This might be one of the most beautiful posts I’ve done (out of 274 according to WordPress!). Not that I had anything to do with it. The scenery around here is just gorgeous.
We both got up about 5:30am. This was the view out our window around 6am.
Breakfast isn’t until 8am so we took Paul out for a long-ish walk. And were greeted with more beauty along the way.
We came across a little place open at 7am so stopped for some coffee…
…and sat outside enjoying the fresh air. No smokers around, yay! That’s the dark side to all this lovely outdoor seating over here.
I mentioned the very narrow street in yesterday’s entry so decided to include a photo of it. And it’s not even one way. Thankfully we haven’t encountered anyone else on it yet as we’ve gone up and down.
A lovely snippet of river between two buildings as we walked back to the hotel up that street.
Breakfast was in caves. Literally. Caves built into the hillside of the hotel.
We left around 8:45am, headed to our first stop of the day, Chateau de Villandry. It’s about a 30 minute drive east along the river.
Chateau de Villandry was first built in the 1600s for the minister of finance of King Francois I. In 1906, it was purchased by a Spaniard and his American heiress wife, Dr. Joachim Carvallo and Ann Coleman, and they restored it to its former glory and improved on the garden. While the house is gorgeous, this stop is really all about the gardens.
The front of the house.
The courtyard. I love that brick on the ground. You toured the house entering on the right, the gardens on the left. We didn’t follow instructions and did the gardens first.
You enter the house and move upstairs to be dumped onto this path which hovers around the gardens. See the landing over there on the right? That’s where I took the next photo.
Spectacular. These rival Versailles and I think I actually like them better.
There are many different sections with many different looks.
A variety of fountains all over.
A maze of course.
There are also herb and vegetable gardens – cabbages in this photo.
This was past the herb garden, I loved the look of this.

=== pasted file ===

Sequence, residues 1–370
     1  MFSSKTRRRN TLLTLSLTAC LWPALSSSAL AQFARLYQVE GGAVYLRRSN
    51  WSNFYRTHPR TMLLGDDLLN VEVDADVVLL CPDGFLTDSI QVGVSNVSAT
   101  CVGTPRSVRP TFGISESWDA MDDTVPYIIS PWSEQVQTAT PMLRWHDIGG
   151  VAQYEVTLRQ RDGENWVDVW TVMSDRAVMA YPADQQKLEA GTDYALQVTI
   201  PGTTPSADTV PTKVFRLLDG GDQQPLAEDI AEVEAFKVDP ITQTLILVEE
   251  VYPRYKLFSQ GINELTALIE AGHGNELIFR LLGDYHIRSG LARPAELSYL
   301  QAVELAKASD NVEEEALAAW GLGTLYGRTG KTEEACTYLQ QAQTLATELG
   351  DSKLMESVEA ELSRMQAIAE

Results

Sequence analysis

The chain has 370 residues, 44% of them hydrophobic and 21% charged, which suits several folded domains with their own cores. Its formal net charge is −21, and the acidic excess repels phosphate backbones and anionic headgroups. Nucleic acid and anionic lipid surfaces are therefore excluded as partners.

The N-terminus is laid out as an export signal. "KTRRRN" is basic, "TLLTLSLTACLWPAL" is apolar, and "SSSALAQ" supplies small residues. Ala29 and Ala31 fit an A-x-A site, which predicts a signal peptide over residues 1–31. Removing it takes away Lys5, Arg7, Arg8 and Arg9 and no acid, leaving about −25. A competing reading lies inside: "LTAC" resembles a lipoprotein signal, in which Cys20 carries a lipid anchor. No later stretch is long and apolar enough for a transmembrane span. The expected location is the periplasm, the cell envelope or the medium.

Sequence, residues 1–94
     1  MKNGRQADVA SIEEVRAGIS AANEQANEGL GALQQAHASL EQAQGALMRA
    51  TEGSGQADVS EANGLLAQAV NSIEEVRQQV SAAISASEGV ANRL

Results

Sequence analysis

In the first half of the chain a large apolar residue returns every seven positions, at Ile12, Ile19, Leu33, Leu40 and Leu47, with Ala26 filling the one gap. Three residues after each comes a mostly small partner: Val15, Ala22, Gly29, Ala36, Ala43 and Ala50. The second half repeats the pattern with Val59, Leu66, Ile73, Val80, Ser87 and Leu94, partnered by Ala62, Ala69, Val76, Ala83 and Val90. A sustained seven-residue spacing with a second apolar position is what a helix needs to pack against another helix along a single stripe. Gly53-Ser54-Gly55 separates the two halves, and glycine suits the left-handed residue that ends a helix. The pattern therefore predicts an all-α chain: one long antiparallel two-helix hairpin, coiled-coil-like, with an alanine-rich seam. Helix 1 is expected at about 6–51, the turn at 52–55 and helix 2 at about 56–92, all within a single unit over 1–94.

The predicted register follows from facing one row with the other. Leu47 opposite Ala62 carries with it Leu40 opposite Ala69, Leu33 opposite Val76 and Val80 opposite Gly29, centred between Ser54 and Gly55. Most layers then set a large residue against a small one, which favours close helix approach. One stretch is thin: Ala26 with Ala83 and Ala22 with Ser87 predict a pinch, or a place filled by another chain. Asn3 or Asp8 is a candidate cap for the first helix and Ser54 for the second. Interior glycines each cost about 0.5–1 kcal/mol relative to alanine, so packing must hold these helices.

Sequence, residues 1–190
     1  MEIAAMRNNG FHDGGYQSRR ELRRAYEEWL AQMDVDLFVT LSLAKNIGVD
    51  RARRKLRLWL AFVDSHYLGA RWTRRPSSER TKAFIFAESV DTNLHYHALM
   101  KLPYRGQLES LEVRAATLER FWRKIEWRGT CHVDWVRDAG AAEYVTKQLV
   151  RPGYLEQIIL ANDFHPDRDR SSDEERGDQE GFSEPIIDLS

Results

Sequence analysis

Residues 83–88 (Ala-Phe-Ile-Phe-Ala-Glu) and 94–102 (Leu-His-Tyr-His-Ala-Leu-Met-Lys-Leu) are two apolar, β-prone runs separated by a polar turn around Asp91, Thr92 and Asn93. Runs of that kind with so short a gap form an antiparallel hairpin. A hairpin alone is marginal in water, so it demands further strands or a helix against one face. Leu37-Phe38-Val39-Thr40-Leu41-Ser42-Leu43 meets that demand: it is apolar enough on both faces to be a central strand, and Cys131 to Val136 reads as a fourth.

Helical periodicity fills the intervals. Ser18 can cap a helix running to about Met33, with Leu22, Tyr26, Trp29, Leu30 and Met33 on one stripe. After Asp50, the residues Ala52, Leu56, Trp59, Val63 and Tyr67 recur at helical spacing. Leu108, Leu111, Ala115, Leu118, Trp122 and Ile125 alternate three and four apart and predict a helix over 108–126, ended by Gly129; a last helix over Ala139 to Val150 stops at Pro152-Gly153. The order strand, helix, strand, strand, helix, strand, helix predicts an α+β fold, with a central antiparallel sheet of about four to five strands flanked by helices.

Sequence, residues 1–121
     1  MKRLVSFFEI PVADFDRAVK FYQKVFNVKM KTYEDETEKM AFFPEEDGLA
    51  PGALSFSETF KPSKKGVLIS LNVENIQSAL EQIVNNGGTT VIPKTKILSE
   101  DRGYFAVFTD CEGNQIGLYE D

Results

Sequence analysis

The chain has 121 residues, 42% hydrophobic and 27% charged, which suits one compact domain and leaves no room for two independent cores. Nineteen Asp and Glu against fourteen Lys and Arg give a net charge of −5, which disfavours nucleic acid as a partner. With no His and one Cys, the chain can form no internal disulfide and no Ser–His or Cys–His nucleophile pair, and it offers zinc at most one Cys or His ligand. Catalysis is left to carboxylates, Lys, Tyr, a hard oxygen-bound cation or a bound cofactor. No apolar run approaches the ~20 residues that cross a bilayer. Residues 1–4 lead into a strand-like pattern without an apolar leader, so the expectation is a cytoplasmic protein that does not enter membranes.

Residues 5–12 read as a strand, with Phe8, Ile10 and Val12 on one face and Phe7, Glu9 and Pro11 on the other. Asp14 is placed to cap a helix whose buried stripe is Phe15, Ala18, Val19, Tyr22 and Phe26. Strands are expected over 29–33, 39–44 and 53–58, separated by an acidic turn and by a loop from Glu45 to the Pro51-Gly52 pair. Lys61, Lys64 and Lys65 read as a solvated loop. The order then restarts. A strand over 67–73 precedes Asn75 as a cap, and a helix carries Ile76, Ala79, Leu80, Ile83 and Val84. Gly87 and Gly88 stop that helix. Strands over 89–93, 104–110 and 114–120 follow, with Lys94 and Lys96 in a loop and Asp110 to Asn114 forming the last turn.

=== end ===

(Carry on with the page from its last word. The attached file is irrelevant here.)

The house was pretty simple as these things go, which made it sort of endearing – like you could see yourself living here. The Carvallos raised 6 kids here and the estate is still in the family, run by one of the great-grandchildren. (Or is it great-great? I forget…)
Beautiful dining room.
And an art gallery! Ash and I joke (often) about needing a house big enough for a gallery.
At the end of the gallery was this room with an incredible ceiling.
This was the top of the tower. There was a sign posted as you entered the stairs: “Difficult ascent and descent. Priority to the descent.” Meaning: enter at your own risk. For sure, it was the most catawampus staircase I’ve ever climbed.
But we made it. See that little slit in the wall to the left of the door?
This is the view into the courtyard from there.
We left there after 11am and made a stop at a little shop in the village for a small bite to eat. The breakfast at the hotel was pretty simple and we didn’t eat a ton.
The next stop was Chateau d’Usse. It dates back to the 11th century, but much of the version that remains today was built in the 1600.s Charles Perrault, who wrote the best known version of Sleeping Beauty, spent some time here and this castle was his inspiration for that telling.
It was literally magical as we approached it, especially with all of the children around.
There are lovely gardens built across the front of it, on the right there.
Because you’d be disappointed if he didn’t….
I do love this photo of Ash.
This is looking back at the road that led up to it. When we first turned onto it and I saw this in the distance I literally gasped.
The courtyard. As we were walking into it I may have gotten choked up a bit, can’t even explain why. Everything about this environment was just so breathtaking.
That new wing which you can identify on the far right by the change in architecture is occupied by the current residents. Ownership last changed hands in 1883, when Count Bertrand de Blacas inherited it from descendants of the Duchess of Duras, who’d had it since 1807. It has remained in the Blacas family ever since, currently occupied by the Duke.